As public safety organizations continue to adopt artificial intelligence (AI) solutions to help with more informed decision-making, smoother operations, and improved service, they must not forget their responsibility to operate under a system of transparency. Rick Zak, director, Public Safety & Justice Solutions at Microsoft, and Jack Williams, strategic product manager for AI and Analytics at Hexagon, recently sat down to discuss responsible AI in public safety, as well as best practices for agencies beginning their AI journey. Excerpts from the conversation can be found below. For the full conversation, listen to the podcast on HxGN Spotlight.
Jack: Microsoft has been committed for years to AI and machine learning by coming out with some amazing solutions and products. What are some of the guidelines Microsoft considers their stance when it comes to responsible and ethical AI?
Rick: That’s a great question, because AI is so different from other technologies. It’s so connected to people and has the ability to drive outcomes without people involved. So, the stakes are much higher. As a result, Microsoft has really focused on the policy side of it by trying to support the technology with some frameworks that ensure organizations deliver an AI solution in a responsible way. We put together internal teams to review the development of AI capabilities and a committee that provides guidance on using AI appropriately.
Jack: At Hexagon, we think of responsible AI as being very transparent, explainable, and interpretable. We want to be cognizant of the fact that data sets can be biased to some degree. I realize that can be subjective, but how does Microsoft approach that?
Rick: The question about bias is an important one. In many AI scenarios, you’re using data to teach a system to identify things or to prompt decisions, and it can only do that based on the data it receives. If the data isn’t representative, then you’re not going to get representative outcomes.
To answer your broader question, we came up with six principles to guide our work. And, they’re not Microsoft-specific or product-based. These principles are the framework for our technology and strategy when it comes to AI, and can be applied to public safety agencies.
The first one is fairness. AI systems should treat everyone fairly, and similar people across all dimensions should be treated in a similar way. An example would be an AI system that provides guidance on medical treatment. It should make the same recommendations for everyone with similar symptoms. The fairness should remove any biases, so that the same information going in gives you the same results.
The second principle is that all AI systems should operate reliably, safely, and consistently. Consistency is so important under both normal and unexpected conditions. It’s the idea that if you build a system that can only deliver responsible AI in a very narrow set of conditions, then you’re set up for failure.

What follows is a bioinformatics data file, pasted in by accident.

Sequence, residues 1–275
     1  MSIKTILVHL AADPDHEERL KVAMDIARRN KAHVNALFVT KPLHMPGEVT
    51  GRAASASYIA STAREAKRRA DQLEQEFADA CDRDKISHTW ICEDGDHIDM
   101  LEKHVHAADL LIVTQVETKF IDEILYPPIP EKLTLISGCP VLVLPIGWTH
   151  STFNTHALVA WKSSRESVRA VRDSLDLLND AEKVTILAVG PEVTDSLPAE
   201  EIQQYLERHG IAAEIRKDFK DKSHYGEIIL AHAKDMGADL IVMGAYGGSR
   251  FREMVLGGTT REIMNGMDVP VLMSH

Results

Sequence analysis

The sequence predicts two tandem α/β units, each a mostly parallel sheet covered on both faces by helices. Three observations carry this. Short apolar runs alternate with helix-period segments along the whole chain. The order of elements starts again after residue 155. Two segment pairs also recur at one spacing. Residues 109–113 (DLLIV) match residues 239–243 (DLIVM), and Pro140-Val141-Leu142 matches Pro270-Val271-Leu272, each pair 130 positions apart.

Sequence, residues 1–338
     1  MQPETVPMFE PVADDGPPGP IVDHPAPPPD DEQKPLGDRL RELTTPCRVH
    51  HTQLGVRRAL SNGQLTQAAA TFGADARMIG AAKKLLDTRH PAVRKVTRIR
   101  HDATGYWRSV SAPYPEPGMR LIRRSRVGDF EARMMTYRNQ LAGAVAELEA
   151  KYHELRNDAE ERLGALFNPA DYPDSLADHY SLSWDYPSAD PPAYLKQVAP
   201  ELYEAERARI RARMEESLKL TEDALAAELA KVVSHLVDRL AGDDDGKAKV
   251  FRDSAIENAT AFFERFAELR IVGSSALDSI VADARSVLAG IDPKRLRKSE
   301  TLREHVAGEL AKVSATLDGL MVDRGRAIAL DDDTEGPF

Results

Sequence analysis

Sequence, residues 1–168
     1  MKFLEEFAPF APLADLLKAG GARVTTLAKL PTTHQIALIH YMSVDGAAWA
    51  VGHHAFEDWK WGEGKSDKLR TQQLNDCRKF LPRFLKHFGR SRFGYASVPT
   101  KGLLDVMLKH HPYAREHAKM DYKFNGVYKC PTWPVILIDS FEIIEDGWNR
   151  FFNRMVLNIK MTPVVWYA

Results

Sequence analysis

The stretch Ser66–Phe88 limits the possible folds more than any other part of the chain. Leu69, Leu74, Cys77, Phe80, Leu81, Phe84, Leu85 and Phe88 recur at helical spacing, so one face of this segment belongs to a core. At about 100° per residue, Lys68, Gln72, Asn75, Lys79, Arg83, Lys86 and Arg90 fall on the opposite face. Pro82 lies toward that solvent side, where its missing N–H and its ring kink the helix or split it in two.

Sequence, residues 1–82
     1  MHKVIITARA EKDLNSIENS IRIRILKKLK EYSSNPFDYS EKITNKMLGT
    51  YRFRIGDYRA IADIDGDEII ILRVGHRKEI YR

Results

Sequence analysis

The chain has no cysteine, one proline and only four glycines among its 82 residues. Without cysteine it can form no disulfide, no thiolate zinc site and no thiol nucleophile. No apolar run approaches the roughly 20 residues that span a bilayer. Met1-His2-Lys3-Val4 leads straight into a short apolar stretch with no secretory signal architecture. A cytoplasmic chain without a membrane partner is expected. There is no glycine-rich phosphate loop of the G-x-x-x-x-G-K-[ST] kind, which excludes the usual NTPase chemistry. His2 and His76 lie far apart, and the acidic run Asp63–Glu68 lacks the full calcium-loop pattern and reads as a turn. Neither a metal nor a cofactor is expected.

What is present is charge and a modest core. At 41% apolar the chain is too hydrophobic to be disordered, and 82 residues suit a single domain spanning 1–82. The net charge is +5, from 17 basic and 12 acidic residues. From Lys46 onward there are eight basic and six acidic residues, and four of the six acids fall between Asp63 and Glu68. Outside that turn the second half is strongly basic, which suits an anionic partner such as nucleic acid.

The third principle is privacy and security. AI is about peeling back the layers on data and understanding data inside other data. Protecting privacy and securing data are complex, but they are a core concern as systems gather more and more personal and business data. It is crucial that we build systems set up to protect individuals and businesses.
We refer to the fourth as inclusiveness. While we’re building the system, we want to identify barriers that could unintentionally exclude people from all those things I spoke of earlier. Rather than building a system and saying, “Well, we haven’t run into a problem, so we’re good,” we actively seek out those issues and address them.
The fifth principle is transparency. You have to know how information is getting processed and how a system is making its decisions.
The last one is accountability. If you’re putting a system out there built on AI, you have to be accountable for how it operates. You should engage internally to make sure that your tools are created, developed, and deployed in a responsible way.
Jack: These responsible AI principles are so important. What is your advice when it comes to public safety agencies wanting to build AI into their systems?
Rick: The first step isn’t technology; it’s policy. You need to understand how you’re going to use AI and what your constraints are. You can do this while building the technology, but policies should be created throughout the process.
One example is the growth of body cameras. Numerous law enforcement agencies deployed them, and they became a great tool for driving transparency. However, many departments neglected to create policies to support them. Who would wear a camera, and who wouldn’t? When do you turn it on, and when can you turn it off? Who reviews the video? Can an officer review the video as part of writing the report? When there was pushback on how they were being used, those who didn’t have a policy or guidelines were not prepared to answer.
The policy tightly coupled with the technology is what really drove adoption and got the public comfortable with body cameras. So, create an internal policy first. How are you going to use it yourself as a department, and how are you going to govern its use? The people answering these questions and making the decisions shouldn’t be afraid. This is about getting it right at the beginning, so that adding new capabilities becomes easier.
Jack: This is great information and quite timely. AI isn’t going away, and we need to implement it the right way from the very beginning. Thanks so much for your advice.
Rick: My pleasure, and I’d like to add that at Microsoft, we appreciate the partnership we have with Hexagon.
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